The principles enunciated by the Supreme Court in Moretti and, prior to that by this court in State v. Meisch, 86 N.J. Super. 279, 281-82 (App. Div.) (a case involving an effort to steal from a drawer that, unknown to the defendant, was empty), certif. denied, 44 N.J. 583 (1965), are incorporated in the statute defining the elements of criminal attempt, N.J.S.A. 2C:5-1. See II The New Jersey Penal Code, Final Report of the N.J. Criminal Law Revision Commission, 114-15, cmt. 4 on N.J.S.A. 2C:5-1 (1971) (Final Report).

N.J.S.A. 2C:5-1 provides:

A person is guilty of an attempt to commit a crime if, acting with the kind of culpability otherwise required for commission of the crime, he:

(1) Purposely engages in conduct which would constitute the crime if the attendant circumstances were as a reasonable person would believe them to be;

(3) Purposely does or omits to do anything which, under the circumstances as a reasonable person would believe them to be, is an act or omission constituting a substantial step in a course of conduct planned to culminate in his commission of the crime. [(Emphasis added).]

The language set forth with emphasis above incorporates the rule in Moretti. If a person whom the defendant believes to be a child is an adult, then the defendant's subjective belief that the victim is a child suffices to impose liability for attempt just as the defendant's subjective belief that the woman was pregnant substituted for that condition in Moretti. The rule as codified in N.J.S.A. 2C:5-1a(1) and (3) is modified, however. The modification redounds to the benefit of a defendant whose belief is not reasonable under the circumstances. Ibid.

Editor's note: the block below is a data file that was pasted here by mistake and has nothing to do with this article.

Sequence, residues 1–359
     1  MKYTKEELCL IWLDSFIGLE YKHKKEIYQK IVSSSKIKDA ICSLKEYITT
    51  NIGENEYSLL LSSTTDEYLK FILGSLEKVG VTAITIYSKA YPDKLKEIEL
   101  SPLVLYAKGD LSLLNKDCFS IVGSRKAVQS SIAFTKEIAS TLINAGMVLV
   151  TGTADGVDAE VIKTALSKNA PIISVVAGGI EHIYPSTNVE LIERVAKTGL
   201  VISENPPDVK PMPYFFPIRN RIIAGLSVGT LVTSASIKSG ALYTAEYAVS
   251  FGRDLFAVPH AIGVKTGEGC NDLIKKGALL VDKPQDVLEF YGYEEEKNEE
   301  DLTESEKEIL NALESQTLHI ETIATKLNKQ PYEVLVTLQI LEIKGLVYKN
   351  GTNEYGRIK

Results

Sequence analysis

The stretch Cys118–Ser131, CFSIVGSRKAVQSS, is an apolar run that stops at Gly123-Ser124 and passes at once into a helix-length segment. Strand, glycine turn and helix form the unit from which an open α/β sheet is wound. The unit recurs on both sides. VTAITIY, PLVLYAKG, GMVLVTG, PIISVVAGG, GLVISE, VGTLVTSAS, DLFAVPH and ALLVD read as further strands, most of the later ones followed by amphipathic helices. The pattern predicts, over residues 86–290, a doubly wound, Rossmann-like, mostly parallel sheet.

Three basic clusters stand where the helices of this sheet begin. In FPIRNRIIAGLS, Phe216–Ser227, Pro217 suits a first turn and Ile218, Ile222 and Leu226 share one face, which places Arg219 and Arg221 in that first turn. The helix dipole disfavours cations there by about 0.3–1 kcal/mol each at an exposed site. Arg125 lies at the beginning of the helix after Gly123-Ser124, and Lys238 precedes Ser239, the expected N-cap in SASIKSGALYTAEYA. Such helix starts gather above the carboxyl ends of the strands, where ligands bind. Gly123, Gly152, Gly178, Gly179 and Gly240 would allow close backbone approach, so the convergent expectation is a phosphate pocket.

This court has applied N.J.S.A. 2C:5-1 to conduct quite similar to the conduct in this case - Internet communications between an adult male and an investigator posing as a child on the Internet followed by the arrangement of a sexual liaison. State v. Condon, 391 N.J. Super. 609, 612-13, 617 (App. Div.), certif. denied, 192 N.J. 74 (2007). The charges against the defendant in Condon included "second-degree attempted sexual assault of a victim 'he believed to be a thirteen-year-old female,' N.J.S.A. 2C:14-2c(4) and N.J.S.A. 2C:5-1 (Count One), and third-degree endangering the welfare of a child, N.J.S.A. 2C:24-4 (Count Two)." Id. at 611-12.